Mirae’s attorneys hit back with a complaint on May 20, accusing Anbang of deliberately concealing further ownership claims of the 15 hotels — problems stemming from a bizarre case of deed fraud that came to light in September.

The Korean investment firm claims in February it was ready to pay a $50 million non-refundable fee to lock in acquisition financing from a consortium led by Goldman Sachs, when the lender’s attorneys uncovered a series of trademark disputes between Anbang and several of the same parties named in the deed fraud case. The parties used alleged arbitration awards from these trademark cases to claim ownership of Anbang’s hotels.

Anbang claims it only learned of these actions in December, and by mid-January it obtained a default judgment that prevented any of the parties from making further ownership claims to any properties noted in the fraudulent filings.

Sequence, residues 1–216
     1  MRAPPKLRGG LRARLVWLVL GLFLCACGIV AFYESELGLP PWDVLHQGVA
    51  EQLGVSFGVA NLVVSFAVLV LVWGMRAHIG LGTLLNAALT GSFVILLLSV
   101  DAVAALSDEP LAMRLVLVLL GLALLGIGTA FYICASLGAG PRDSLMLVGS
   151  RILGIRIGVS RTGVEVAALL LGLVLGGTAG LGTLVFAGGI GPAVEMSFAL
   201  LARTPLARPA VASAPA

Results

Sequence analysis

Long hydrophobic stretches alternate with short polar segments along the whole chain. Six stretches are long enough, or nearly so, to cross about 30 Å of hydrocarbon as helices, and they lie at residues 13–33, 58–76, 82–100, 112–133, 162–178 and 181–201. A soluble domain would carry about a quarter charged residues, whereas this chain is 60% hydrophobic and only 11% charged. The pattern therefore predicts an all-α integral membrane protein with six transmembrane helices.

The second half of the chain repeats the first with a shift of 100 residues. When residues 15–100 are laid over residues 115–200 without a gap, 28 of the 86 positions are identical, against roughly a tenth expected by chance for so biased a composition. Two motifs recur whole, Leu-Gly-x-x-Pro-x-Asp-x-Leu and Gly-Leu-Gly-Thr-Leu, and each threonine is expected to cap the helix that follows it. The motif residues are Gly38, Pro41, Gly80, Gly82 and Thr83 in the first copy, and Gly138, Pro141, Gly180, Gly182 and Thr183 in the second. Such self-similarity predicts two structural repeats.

But Mirae’s lengthy countersuit questions the authenticity of the ownership claims. It also put forward a theory connecting the entities claiming ownership of the hotels to former Anbang chairman Wu Xiaohui, who was jailed in 2018. Mirae’s claim that a “Chinese power play” could be behind the disputed deeds is based on an agreement that bears Wu’s signature. (Anbang’s attorneys had blamed the deed fraud scheme on an Uber driver in San Francisco, according to Mirae’s complaint.)

Anbang’s suit called the document in question a “fabrication” and, in court, its attorneys accused Mirae of “jumping into bed with a bunch of fraudsters” by suggesting its legitimacy.

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SL Green sues Chetrit over $35M deposit for scuttled Daily News deal
The REIT is turning to the courts to keep the deposit for what would have been an $815M sale

The botched sale of SL Green Realty’s Daily News building has become a courtroom battle.